The basic spectral property underlying quantum diffusion is that the diffusion exponent is the larger, the more continuous the spectrum is: the degree of continuity of a spectrum being measured by appropriate fractal dimensions. Such dimensions range from 0 in the case of point spectra to 1 in the case of absolutely continuous spectra . The former case occurs e.g. with disordered quasi-one dimensional solids (Anderson localization) , and the latter with band spectra in perfect crystals.

Heuristic Argument.

Connections between spectra and dynamics are easier to analyze for wave packets which propagate on the \(d\)-dimensional discrete lattice \(\mathbb{Z}^d\ .\) This lattice may represent a real lattice in physical space, as in the case of tight-binding models for electrons in solids, or may be one in momentum space, as in the case of certain quantum maps. In full generality , it may be defined by any complete orthonormal set of states in the Hilbert space of the system, each state in the basis corresponding to a site in the lattice. Let \(\psi\) be a state, \(\hat H\) the Hamiltonian, and let \(\psi(t)=e^{-i{\hat H}t}\psi\ ,\) where \(\hbar=1\) is assumed with no limitation of generality. If \(d=1\ ,\) the connection between fractal spectra and coherent diffusion is illustrated by the following heuristic argument. Let a wave-packet be at time \(t=0\) located at the origin in the lattice. If \({\vec{\hat X}}=({\hat X}_1,\ldots,{\hat X}_d)\) denotes the position operator, and \(|\vec{\hat X}|^2=\hat{X}_1^2+\ldots+{\hat X}_d^2\ ,\) then the mean-square displacement at time \(t>0\) is given by \(\langle\psi(t)|\;|{\vec{\hat X}}|^2|\psi(t)\rangle\ .\) Assume that it increases proportional to \(t^{\alpha}\ .\) At any given time \(t>0\ ,\) the motion will have resolved the energy spectrum on a scale \(\sim 1/t\ ;\) on the other hand, the number of energy eigenstates significantly contributing in the motion up to that time may be roughly identified with the number of site-states which have been excited at that time, i.e. \(\sim t^{\alpha/2}\ .\) So the spectrum is resolved on the scale \(\delta=1/t\) by \(\delta^{-\alpha/2}\) points, and this suggests that the spectrum is a fractal set, with a box-counting dimension not larger than \(\alpha/2\ .\)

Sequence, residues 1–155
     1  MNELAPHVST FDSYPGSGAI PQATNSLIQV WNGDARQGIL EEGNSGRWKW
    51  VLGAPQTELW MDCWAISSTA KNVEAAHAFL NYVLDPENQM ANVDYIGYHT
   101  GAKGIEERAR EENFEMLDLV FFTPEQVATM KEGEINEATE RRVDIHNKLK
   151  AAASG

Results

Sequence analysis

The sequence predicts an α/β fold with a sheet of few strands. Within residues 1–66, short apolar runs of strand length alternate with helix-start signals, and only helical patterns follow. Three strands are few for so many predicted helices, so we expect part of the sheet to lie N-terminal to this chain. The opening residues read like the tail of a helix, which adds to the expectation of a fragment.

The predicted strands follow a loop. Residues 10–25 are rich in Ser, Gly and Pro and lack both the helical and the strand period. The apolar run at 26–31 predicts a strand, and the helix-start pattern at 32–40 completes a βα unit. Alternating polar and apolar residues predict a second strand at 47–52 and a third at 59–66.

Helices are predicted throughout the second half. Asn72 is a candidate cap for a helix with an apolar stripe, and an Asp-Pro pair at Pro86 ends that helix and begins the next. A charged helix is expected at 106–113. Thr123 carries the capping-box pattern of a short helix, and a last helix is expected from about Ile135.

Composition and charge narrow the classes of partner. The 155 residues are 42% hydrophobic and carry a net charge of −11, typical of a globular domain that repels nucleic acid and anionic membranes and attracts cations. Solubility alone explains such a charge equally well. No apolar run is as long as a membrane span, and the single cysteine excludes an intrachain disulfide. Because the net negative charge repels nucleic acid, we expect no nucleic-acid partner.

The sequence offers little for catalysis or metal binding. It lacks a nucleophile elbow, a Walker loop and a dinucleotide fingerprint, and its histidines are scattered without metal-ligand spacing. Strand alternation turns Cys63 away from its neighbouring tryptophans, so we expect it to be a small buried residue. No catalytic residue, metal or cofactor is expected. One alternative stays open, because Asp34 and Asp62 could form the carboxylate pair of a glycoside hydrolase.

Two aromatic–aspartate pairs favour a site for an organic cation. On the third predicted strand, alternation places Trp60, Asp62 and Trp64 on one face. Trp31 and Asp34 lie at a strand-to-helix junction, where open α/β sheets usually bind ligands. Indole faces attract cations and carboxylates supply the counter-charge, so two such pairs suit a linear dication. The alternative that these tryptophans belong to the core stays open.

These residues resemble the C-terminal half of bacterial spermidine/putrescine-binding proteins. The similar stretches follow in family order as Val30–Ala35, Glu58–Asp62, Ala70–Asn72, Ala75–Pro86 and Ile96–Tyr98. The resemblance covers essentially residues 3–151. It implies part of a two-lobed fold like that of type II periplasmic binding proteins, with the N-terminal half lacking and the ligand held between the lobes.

Spectral Dimensions.